When preparing for a survey, it is important to consider all the questions that a surveyor might ask. Generally speaking, surveyors will want to know about the property’s history, condition and any alterations made over time.

Questions may range from when the building was constructed and who owned it previously – through to details on how any renovations or extensions have been carried out as well as general maintenance records such as when gutters were last cleaned etc.

Surveyors may also check if there are signs of dampness or mould within walls/ceilings which could indicate structural issues; along with asking whether there has ever been an issue with pests like rats or bugs in the past.

Additionally they may look at areas where asbestos could be present (such as older boilers) and ask about any major works that have recently taken place (e. g re-wiring).

It’s also worth noting that some surveys require access to certain areas of a property – such as lofts and basements so make sure these spaces are cleared ahead of time making them easier for inspection – helping speed up the process overall!

Ultimately though by being prepared before your appointment you can help ensure everything runs smoothly – allowing your assessment to be completed quickly without unnecessary delays caused by missing information or lack of access points for example.


When buying a house in the UK, surveys are an important step that should not be overlooked. Knowing what to expect and how to ensure the process is smooth and efficient can help save buyers time, money and stress down the line by ensuring any issues with a property have been identified early on.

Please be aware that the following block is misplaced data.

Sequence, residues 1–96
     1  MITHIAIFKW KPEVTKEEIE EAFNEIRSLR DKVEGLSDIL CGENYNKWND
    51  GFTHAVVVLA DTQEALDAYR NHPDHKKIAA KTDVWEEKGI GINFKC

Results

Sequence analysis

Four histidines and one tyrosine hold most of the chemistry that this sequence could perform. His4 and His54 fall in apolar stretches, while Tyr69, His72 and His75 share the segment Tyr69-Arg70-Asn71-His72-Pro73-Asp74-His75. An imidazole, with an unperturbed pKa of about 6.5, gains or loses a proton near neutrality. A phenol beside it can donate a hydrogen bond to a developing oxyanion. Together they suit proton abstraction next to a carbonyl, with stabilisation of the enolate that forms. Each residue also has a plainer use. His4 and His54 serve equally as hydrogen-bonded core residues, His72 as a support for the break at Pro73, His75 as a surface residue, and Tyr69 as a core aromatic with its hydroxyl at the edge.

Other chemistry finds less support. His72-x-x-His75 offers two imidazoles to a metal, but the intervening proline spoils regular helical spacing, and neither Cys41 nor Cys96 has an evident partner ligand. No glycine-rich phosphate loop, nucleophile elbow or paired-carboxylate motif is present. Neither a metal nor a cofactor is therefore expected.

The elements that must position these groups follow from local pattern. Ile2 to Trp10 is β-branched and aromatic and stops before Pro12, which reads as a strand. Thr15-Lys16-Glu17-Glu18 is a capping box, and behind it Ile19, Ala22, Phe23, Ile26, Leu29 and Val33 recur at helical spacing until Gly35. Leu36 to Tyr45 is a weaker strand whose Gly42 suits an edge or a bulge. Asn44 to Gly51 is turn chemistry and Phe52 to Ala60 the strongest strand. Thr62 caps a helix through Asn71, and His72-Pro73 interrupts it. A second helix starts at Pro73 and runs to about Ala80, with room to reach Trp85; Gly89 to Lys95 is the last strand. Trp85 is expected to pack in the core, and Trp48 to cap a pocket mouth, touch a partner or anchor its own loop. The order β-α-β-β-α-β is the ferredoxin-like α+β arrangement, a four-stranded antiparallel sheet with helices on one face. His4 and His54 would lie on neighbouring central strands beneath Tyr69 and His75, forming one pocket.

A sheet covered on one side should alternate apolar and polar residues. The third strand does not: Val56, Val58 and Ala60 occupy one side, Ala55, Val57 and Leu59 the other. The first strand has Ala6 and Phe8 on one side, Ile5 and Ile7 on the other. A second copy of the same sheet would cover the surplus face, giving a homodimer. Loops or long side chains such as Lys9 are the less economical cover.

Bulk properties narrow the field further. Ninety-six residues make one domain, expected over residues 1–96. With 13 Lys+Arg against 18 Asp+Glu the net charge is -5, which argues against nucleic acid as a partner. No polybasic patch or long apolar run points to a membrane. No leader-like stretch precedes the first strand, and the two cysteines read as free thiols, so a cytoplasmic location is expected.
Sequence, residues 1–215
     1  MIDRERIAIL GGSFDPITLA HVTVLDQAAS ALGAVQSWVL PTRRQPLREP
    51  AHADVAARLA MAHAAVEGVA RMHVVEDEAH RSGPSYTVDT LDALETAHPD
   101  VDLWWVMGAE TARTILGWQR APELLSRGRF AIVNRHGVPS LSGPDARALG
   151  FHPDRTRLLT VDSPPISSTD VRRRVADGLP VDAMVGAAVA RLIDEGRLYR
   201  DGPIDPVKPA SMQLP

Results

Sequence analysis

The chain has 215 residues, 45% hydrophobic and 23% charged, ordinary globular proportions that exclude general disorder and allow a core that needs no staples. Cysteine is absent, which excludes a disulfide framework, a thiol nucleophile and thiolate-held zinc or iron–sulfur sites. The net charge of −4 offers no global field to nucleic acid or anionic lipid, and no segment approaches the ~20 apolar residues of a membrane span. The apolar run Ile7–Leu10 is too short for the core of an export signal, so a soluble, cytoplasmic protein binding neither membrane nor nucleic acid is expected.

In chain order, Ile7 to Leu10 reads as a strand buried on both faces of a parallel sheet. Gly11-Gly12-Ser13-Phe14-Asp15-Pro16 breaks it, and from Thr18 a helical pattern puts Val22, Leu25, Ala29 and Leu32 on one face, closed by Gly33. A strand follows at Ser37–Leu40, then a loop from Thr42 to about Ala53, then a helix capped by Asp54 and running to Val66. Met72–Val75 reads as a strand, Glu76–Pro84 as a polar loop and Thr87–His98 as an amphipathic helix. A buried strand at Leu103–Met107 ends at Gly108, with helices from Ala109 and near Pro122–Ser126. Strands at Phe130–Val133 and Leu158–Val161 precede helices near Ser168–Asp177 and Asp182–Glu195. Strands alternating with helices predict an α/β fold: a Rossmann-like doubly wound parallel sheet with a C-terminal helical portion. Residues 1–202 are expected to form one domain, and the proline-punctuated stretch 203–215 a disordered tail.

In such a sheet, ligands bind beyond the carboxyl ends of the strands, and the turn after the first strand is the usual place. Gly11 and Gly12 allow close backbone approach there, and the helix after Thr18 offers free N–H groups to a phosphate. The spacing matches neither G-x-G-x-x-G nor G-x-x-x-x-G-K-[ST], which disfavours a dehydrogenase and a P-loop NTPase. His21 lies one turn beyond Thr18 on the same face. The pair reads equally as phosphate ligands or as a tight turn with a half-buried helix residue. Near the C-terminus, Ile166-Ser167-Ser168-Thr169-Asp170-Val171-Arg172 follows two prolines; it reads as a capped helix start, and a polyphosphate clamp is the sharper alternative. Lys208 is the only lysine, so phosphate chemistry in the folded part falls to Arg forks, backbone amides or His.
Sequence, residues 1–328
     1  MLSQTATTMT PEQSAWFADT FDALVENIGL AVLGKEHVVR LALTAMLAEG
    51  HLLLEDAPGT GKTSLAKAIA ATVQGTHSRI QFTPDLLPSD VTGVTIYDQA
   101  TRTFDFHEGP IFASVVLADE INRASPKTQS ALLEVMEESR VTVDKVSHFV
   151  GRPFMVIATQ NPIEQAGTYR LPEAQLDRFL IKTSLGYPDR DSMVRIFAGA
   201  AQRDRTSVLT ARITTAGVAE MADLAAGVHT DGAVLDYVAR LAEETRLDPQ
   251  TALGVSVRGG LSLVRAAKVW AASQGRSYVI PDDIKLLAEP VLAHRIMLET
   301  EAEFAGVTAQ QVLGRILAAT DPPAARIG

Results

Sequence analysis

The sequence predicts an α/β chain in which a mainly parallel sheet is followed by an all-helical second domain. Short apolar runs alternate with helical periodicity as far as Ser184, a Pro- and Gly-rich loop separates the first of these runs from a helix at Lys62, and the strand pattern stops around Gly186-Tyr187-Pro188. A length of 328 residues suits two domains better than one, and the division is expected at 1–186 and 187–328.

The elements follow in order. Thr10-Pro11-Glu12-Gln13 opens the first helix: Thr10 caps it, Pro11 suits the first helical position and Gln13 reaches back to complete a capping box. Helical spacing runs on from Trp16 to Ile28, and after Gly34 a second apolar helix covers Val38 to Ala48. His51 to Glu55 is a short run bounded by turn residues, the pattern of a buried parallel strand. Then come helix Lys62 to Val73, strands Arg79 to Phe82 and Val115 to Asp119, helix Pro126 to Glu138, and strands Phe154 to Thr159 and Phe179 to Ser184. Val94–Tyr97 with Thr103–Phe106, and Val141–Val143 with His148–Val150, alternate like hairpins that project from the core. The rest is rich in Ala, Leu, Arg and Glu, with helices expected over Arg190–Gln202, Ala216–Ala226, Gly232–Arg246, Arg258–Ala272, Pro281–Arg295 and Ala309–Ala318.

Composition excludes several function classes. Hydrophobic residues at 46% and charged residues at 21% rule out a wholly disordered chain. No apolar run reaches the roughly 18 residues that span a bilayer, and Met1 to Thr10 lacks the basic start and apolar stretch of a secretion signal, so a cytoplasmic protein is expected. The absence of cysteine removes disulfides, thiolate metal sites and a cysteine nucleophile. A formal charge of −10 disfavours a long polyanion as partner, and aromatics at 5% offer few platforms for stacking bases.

Firstly it’s important to understand which type of survey is best suited to your needs – whether this be a home buyer survey or full Building Survey – as well as researching providers available, so you know exactly what you’ll be paying for before committing financially.

It also pays off well to make sure only qualified professionals undertake surveys on your behalf; such as CJ Bloor Property Consultants and others accredited by The Royal Institution Of Chartered Surveyors (RICS) to ensure they are legally allowed to certify certain types of report depending on their qualifications.

Preparing ahead for a survey appointment means making sure all questions can be answered easily; from details surrounding building history through to access points like lofts/basements etc. being cleared beforehand, so there aren’t any delays along the way when assessing its condition.

Ultimately though having a survey done prior completion of sale is essential if looking at getting value-for-money when buying property in the UK – helping protect both parties involved against potential risks associated with structural defects or false information given throughout negotiations which could lead to costly legal battles later down the line!

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Author: Fazal Umer

Fazal is a dedicated industry expert in the field of civil engineering. As an Editor at ConstructionHow, he leverages his experience as a civil engineer to enrich the readers looking to learn a thing or two in detail in the respective field. Over the years he has provided written verdicts to publications and exhibited a deep-seated value in providing informative pieces on infrastructure, construction, and design.